epa11135530 A woman casts her ballot at a polling station during general elections in Islamabad, Pakistan, 08 February 2024. Pakistani voters headed to heavily guarded polling stations on 08 February, to elect a new government for a five-year term amid increased security threats. According to the election body, the polling started at 8 a.m. local time and will continue until 5 p.m. The counting of millions of votes cast will start soon after polling time is over. There are more than 128 million registered voters, 59.3 million (46 percent) women and 69.2 million or 54 percent men. More than 20 million new voters have been registered for the 2024 elections. There are nearly 18,000 candidates out of whom 5,112 — including 4797 males, 313 women, and two transgender contestants, running for 266 contestable parliamentary seats.  EPA/SOHAIL SHAHZAD via Ansa
epa11135564 A voter shows casts her ballot at a polling station during general elections in Karachi, Pakistan, 08 February 2024. Pakistani voters headed to heavily guarded polling stations on 08 February, to elect a new government for a five-year term amid increased security threats. According to the election body, the polling started at 8 a.m. local time and will continue until 5 p.m. The counting of millions of votes cast will start soon after polling time is over. There are more than 128 million registered voters, 59.3 million (46 percent) women and 69.2 million or 54 percent men. More than 20 million new voters have been registered for the 2024 elections. There are nearly 18,000 candidates out of whom 5,112 — including 4797 males, 313 women, and two transgender contestants, running for 266 contestable parliamentary seats.  EPA/SHAHZAIB AKBER via Ansa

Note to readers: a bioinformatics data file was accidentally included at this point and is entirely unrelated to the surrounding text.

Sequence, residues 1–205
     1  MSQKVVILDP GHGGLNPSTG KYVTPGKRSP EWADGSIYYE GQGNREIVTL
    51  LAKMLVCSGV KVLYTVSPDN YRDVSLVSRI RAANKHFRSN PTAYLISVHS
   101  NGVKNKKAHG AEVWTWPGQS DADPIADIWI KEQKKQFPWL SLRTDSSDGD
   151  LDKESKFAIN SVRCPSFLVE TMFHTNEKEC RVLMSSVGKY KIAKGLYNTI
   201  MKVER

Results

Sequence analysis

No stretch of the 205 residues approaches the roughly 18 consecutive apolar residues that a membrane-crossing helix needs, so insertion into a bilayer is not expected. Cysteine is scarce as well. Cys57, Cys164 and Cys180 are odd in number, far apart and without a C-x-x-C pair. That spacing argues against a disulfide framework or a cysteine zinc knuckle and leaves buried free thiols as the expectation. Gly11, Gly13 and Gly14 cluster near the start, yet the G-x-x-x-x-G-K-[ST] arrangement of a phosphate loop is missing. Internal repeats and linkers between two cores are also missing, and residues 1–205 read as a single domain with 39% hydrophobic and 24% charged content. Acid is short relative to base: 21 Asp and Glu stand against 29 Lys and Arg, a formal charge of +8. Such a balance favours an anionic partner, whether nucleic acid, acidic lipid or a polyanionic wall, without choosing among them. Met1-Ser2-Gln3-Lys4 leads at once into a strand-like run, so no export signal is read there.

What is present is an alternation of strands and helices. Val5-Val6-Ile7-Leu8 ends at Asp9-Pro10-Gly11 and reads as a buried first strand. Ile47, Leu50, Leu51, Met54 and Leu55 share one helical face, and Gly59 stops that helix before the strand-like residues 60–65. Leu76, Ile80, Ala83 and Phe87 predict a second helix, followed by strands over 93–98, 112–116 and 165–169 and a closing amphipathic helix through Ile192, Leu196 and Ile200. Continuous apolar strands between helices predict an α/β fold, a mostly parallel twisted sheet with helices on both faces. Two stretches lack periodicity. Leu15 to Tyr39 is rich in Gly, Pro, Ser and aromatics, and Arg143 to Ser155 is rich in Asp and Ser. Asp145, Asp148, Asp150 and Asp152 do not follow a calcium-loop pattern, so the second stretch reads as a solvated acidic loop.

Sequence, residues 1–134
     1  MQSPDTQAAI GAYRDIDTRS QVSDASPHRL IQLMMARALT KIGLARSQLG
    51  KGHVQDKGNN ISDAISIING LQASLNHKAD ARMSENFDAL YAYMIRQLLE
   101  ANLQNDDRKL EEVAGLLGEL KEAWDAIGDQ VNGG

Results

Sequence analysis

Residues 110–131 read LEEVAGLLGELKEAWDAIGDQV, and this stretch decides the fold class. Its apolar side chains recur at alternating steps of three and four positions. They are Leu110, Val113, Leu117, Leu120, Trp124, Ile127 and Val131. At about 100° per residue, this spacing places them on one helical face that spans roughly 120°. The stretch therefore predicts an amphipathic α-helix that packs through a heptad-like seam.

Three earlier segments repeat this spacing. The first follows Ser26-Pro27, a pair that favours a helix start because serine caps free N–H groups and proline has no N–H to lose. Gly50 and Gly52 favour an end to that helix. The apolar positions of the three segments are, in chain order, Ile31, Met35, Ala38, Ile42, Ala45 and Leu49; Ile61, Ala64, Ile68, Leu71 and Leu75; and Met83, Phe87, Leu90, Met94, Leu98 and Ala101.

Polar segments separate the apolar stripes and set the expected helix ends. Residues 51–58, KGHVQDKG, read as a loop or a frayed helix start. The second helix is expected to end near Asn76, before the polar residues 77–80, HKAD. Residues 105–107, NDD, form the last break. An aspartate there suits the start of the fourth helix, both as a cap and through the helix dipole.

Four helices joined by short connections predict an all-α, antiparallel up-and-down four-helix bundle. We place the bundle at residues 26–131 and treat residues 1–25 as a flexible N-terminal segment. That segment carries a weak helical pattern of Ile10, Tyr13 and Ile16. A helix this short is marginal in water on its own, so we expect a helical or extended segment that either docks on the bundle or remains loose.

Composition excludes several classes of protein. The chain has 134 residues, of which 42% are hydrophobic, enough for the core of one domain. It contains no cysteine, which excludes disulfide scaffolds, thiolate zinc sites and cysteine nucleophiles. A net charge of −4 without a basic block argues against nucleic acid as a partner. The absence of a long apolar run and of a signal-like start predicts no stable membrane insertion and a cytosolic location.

Oltre 128 dei 240 milioni di cittadini pakistani sono stati convocati alle urne giovedì 8 febbraio per eleggere i 266 membri del Parlamento, oltre ai rappresentanti delle assemblee legislative regionali delle sue quattro province. Sarà poi l’Assemblea nazionale a scegliere il primo ministro del Paese.

Sebbene gli elettori siano stati spinti a votare dal governo, l’hanno fatto in un clima fortemente violento, mettendo a rischio la propria vita. Infatti, un membro della sicurezza è stato ucciso stamattina da uomini armati in un seggio elettorale nella provincia di Tank, nel nord del Paese.

Alla vigilia delle elezioni, mercoledì 7 febbraio, si sono susseguiti tre attentati: il primo presso l’ufficio del candidato indipendente Asfand Yar Khan Kakar nel distretto di Pishin, nella provincia sud-occidentale del Baluchistan, con un bilancio di 14 vittime e 30 feriti. La seconda esplosione è avvenuta a Qilla Saifullah, al confine con l’Afghanistan, vicino a un ufficio del partito religioso Jamiat Ulema Islam (Jui), e ha provocato 12 vittime. Un terzo attentato è stato compiuto nel distretto tribale del Waziristan del Sud, nella provincia di Khyber Pakhtunkhwa, quando un’esplosione ha colpito il veicolo del parlamentare Naseerullah Wazir, del partito Pakistan Tehreek-e-Insaf (Pti), ferendo almeno 5 persone. Gli attacchi sono avvenuti nonostante il contingente militare e le forze di polizia dispiegati in Pakistan per le elezioni, per oltre 500 mila agenti.

In Pakistan l’esercito, che occupa un potere chiave nell’economia e nella politica del Paese, ha storicamente influenzato pesantemente il processo elettorale, e negli ultimi mesi ha rafforzato i controlli.

Secondo l’Istituto pakistano di studi sui conflitti e sulla sicurezza, nell’ultimo anno sono stati registrati in media 54 attacchi al mese, ed era prevista un’esacerbazione della violenza in prossimità delle elezioni.

Foto Ansa